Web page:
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No Trick here – The Treat of Member Online Communities

One aspect of membership associations that I appreciate the most is the brain trust within the membership. In GPA, we have so much knowledge and so many different skills – the more I talk to members, the more I am impressed with our membership. Taking advantage of that brain trust is really a true member benefit. Here's how:


Set out with a Purpose
What are you trying to gain from connecting with others online? Support or knowledge share? Job opportunities? An increase in sales? Referrals? To really take advantage of ANY online communities, you have to know your ‘why'. And there may be several different communities and different ‘whys' for each. I reach out to my ASAE (association executives) community for ideas and connections to other resources. I reach out on GPA's GrantZone to share ideas and knowledge or to ask questions myself – even in ‘anonymous' mode sometimes.
Know where to find ‘Your People'
Once you know who and why you have to find them. There are several good places to look if you're not already there. LinkedIn groups can be invaluable communities. GPA's GrantZone is a great community to participate in (free for GPA members) and we have some great conversations and idea sharing. The same thing goes with Facebook groups in your community or interest areas. Look for other discussion board opportunities within groups. Sometimes these are on the member side of a group you belong to while others can be public.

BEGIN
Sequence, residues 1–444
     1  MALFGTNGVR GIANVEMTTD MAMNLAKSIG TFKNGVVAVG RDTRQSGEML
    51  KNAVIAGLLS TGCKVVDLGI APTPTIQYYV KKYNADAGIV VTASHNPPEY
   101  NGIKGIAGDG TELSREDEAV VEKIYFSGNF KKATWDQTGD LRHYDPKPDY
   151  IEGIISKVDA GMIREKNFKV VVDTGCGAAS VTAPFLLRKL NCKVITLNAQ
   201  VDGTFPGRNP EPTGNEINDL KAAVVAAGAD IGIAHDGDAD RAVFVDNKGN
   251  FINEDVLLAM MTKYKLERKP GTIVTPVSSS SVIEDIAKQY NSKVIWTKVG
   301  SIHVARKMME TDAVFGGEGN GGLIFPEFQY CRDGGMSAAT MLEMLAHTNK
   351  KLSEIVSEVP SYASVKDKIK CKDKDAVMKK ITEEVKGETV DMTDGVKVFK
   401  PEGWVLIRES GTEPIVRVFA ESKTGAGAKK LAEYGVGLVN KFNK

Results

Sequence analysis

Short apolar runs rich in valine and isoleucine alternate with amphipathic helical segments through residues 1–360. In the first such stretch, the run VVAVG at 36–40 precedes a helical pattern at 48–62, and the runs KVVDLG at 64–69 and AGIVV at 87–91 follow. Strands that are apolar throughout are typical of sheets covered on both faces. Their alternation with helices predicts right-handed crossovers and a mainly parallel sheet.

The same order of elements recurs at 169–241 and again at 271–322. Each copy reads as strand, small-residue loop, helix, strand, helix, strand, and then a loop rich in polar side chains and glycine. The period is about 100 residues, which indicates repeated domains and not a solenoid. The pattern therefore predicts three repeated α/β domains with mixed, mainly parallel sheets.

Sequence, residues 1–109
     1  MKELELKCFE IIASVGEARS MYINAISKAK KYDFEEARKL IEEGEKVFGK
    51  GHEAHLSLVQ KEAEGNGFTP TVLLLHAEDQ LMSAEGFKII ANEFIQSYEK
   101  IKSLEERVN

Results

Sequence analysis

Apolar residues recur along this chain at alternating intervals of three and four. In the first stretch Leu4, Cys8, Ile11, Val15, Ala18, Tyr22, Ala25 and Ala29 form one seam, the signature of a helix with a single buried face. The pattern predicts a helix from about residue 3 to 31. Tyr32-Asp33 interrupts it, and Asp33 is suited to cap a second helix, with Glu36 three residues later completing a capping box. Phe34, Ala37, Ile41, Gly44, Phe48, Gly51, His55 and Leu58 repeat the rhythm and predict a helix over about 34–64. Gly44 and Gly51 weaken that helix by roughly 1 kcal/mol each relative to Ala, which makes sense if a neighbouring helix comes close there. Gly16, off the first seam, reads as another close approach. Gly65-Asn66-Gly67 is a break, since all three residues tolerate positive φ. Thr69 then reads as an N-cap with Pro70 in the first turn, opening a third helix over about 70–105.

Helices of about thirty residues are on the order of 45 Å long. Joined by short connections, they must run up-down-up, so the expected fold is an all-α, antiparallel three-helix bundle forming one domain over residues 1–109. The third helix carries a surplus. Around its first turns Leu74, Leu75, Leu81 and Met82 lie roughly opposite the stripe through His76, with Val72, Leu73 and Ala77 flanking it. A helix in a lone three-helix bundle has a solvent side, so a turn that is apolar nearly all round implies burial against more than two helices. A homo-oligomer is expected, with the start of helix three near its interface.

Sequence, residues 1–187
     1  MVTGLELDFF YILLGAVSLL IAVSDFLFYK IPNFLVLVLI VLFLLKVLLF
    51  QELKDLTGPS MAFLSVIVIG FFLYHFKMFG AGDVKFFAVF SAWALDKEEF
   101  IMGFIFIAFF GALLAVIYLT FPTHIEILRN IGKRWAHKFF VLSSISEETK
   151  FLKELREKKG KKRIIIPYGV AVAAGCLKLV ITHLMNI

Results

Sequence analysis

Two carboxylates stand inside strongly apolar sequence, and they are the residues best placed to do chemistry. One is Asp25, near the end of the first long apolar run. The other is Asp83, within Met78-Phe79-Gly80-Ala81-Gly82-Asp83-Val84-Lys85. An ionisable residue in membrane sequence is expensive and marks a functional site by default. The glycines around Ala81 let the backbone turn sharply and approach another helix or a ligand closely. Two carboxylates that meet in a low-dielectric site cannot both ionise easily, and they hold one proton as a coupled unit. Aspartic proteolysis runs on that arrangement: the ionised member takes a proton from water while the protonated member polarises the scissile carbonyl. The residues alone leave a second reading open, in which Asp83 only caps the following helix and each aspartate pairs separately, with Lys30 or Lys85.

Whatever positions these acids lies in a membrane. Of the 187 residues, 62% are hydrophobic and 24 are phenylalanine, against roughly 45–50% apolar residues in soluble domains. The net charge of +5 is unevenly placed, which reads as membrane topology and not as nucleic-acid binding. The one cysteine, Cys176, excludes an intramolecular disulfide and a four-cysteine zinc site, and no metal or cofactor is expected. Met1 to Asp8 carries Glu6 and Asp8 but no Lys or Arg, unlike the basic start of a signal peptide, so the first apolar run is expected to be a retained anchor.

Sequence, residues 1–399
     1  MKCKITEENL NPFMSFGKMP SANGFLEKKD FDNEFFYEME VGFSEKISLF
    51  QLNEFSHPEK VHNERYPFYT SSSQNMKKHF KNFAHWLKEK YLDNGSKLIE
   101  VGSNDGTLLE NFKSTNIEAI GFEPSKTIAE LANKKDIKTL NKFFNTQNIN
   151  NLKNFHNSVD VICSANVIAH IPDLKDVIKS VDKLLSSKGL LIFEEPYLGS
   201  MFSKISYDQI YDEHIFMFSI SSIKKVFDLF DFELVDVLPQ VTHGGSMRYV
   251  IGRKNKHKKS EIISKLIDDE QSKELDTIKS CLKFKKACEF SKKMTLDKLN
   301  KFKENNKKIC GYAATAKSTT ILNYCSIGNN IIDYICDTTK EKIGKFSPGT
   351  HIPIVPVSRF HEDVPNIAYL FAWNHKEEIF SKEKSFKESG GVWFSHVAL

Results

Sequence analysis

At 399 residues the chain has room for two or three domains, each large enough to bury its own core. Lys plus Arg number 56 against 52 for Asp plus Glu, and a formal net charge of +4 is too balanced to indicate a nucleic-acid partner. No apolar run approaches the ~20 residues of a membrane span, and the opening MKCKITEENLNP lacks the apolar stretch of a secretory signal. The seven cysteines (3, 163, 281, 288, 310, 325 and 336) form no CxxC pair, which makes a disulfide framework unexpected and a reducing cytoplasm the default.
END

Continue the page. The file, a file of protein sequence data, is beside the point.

Stick to the Effort
The only way you are going to benefit from an online community is to put in the time. You will need to identify what time you can give to your development and knowledge sharing. Right now that might be 1-2 hours a week, or maybe less. Maybe it's more. If you want it to be part of your regular routine, put it in your calendar for one day a week or each day when you have your morning coffee. If you need a regular reminder, sign up for the email updates on a daily or weekly basis. I set up daily alerts from each feed to provide a summary each day. If I get an opportunity to skim through it, I do, and I respond.
How Many are Too Many?
Keep track of how many online communities you are in. When you get a weekly or daily digest, are you reading it or are you deleting it? If you find yourself deleting it, you probably aren't finding value in it or need to rethink the time commitment. Only stay in those you find of value. For some, that may be 2-3, or it may be 6-7. Know the time you can commit and that will determine how many online communities you are a part of.
It's a Give and Take Relationship
For your participation in an online community to be of value to you, recognize you need to provide insights just as much as you ask for them. Strive to be a ‘superuser'. When you see an online post that you can contribute to, take the few moments to respond with your advice or experience. This puts you in the community as someone who gives, so when you ask for advice, others would be more apt to provide theirs. Also, being active builds your brand or your organization's communication, so be as active as you can. Consider having a ‘signature' for posts or link in your member profile that has your website and up to date information attached.
How do you participate in communities? What value do you find in participating?
Ericka Harney is a consultant to nonprofit organizations, GPA Approved Trainer, and an Organizational Leadership Doctoral Candidate at Eastern University.